Rabbi's Blog

Rabbi Mendel's Blog

Rabbi Mendel's blog features his Dvar Torah (Torah lesson) column from the weekly E-TORAH, ocassional musings and other articles that he authors from time to time.
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A Never-Ending Job

They say that Jewish parents only offer advice twice.

When you want it and when you don’t.


As my son Dovid celebrates his Bar Mitzvah this Shabbat, I am compelled to think about all the advice Esther and I have given him over the years, welcome and unwelcome. More than that, however, I wonder what our role will be like now that he is Bar Mitzvah. Will he seek our counsel once he is away in yeshiva? Will he want our advice anymore? Will he listen to our ideas as he matures?

I don’t have the answers, but I suspect that it will be a mixed bag.

What I do know is that, as parents, our job has not ended. It’s an ongoing process.  Parenting is something that never ends. It simply metamorphoses into different phases.

Read More »


As the weather gets nicer and the flowers bloom, the spirit of summer is in the air. Graduations, picnics and barbecues are some of the things on our minds.  Sending children off to overnight summer camp is also on the minds of many parents.

As we prepare to send some of our children to overnight camp, we cringe at the thought of how many pairs of clothing they will likely leave behind.  To mitigate that, we use permanent markers and labels and all types of other indicators to ensure that somehow their belongings stay with them.  Hopefully, if an item is labeled as belonging to them it will be recognized as such.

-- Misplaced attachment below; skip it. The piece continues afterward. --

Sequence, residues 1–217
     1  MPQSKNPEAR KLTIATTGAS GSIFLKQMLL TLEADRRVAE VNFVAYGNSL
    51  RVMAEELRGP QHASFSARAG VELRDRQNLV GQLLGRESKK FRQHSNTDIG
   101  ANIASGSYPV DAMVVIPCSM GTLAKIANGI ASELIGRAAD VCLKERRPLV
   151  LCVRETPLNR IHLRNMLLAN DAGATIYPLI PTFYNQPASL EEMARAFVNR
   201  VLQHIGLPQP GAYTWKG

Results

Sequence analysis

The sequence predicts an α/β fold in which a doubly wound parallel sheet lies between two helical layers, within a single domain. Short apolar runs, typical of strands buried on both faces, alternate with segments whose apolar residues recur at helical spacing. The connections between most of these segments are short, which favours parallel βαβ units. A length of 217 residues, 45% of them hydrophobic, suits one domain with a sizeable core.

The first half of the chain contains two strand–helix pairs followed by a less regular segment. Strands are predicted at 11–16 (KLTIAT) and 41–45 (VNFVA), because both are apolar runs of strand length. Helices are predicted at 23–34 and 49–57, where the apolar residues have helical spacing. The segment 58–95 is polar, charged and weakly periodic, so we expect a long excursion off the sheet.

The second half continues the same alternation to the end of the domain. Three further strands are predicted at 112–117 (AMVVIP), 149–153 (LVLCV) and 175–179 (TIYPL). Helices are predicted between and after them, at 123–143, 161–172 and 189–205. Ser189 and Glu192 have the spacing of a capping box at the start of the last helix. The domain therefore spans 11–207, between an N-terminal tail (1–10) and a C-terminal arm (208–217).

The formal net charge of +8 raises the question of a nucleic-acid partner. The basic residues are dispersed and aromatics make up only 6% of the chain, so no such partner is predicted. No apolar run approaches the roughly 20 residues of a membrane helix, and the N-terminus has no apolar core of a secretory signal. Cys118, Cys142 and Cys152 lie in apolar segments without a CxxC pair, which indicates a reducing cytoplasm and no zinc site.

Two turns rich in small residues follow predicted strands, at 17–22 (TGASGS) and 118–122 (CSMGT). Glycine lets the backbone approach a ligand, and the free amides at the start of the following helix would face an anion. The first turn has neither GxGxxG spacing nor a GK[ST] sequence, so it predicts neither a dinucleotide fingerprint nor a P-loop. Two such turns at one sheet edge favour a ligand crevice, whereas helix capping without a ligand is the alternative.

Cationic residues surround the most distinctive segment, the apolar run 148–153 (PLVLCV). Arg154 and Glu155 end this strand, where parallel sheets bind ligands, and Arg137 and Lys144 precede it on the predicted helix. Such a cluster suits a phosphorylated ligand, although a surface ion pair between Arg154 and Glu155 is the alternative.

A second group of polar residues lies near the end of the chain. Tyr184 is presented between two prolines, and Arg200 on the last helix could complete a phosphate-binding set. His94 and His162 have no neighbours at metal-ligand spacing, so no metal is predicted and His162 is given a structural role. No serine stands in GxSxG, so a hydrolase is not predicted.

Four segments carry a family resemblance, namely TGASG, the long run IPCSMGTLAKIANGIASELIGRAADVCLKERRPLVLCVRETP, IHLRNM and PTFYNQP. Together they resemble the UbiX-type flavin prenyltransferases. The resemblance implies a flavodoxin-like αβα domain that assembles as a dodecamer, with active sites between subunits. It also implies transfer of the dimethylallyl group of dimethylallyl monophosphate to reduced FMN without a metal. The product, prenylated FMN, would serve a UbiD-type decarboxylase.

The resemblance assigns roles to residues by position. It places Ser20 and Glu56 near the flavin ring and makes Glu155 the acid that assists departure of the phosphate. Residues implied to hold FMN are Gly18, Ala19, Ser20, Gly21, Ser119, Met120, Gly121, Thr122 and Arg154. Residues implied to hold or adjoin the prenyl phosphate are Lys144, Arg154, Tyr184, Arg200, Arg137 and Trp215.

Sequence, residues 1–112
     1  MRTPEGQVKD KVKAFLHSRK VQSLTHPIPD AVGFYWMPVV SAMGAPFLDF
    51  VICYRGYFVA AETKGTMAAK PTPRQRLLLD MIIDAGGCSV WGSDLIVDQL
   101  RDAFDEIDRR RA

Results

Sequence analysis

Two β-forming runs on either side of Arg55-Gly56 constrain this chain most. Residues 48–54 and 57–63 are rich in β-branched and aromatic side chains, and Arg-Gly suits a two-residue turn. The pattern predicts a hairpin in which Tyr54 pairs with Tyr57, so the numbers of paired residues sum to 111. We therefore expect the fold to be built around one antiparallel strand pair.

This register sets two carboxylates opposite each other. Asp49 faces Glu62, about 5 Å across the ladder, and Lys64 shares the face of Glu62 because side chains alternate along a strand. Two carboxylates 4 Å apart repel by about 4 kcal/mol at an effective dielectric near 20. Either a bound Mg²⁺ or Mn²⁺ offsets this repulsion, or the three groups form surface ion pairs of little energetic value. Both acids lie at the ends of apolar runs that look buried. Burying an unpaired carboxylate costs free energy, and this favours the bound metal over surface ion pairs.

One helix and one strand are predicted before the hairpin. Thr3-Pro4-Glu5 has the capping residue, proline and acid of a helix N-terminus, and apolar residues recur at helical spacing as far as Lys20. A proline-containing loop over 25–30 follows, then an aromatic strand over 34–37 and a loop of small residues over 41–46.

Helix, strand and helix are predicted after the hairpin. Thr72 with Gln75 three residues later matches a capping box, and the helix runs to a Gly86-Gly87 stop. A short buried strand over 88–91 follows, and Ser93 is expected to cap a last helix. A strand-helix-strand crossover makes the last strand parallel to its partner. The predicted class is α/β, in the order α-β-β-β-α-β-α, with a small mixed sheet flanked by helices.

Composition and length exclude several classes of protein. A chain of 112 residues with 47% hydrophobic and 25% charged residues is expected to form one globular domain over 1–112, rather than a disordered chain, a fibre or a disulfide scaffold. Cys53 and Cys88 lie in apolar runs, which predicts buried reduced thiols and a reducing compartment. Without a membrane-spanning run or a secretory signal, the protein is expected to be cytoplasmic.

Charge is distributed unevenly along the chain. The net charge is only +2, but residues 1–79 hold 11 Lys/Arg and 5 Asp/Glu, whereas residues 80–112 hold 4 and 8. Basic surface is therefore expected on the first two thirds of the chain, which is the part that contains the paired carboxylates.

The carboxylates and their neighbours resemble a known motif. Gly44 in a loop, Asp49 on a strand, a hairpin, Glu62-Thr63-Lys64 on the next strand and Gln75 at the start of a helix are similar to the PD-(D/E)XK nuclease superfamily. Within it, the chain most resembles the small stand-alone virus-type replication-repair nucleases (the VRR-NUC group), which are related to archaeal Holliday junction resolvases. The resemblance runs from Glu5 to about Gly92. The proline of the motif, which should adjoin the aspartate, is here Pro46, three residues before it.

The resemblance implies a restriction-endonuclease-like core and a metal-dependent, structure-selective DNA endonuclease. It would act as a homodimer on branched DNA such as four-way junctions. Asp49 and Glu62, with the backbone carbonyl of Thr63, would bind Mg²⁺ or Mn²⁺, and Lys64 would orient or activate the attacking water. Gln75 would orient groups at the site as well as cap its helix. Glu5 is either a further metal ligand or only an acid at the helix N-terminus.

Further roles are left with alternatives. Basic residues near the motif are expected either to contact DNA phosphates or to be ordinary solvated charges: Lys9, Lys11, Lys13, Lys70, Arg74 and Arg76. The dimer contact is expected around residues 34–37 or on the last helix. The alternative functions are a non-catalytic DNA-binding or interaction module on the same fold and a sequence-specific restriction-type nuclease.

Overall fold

One of the topics of this week’s parsha, Emor, is the Jewish festivals, referred to in the Torah as t… Read More »

My Brother's Keeper

Trying to focus on the lessons of this week’s parsha, Kedoshim, has me running in circles.

On the one hand, the Torah warns me, “You shall judge your fellow with righteousness.” Okay, so all people are good, or at least I should assume so.

But just two verses later I am called upon to do something totally different: “You shall surely rebuke your fellow.” Why should I rebuke someone if I am giving her the benefit of the doubt?

I came across a letter from the Lubavitcher Rebbe, written in 1960, that sheds some light on this. The Rebbe writes:

You write about meeting a Jew in course of your travels who comes to the synagogue to help make up a Minyan [i.e., the quorum of ten needed for prayer], yet at the same …Read More »


Imagine that your house’s address was “the one after 1200.” Or that your parents referred to you as the child following Sarah. How would you feel?

This week’s Torah portion is called Acharei, which means “after.” It speaks of G-d’s instructions to the kohanim (priests) subsequent to the death of Aharon’s two sons. Certainly, the laws outlined in the parsha are important. In fact, much of it relates to the duties of Yom Kippur, the holiest day of the year. So, why is it called Acharei (after), as if it’s a footnote? Couldn’t the Torah have given a more befitting title?


Toward the end of the parsha G-d reminds us of the great virtue in following His commandments:

You shall ob…Read More »

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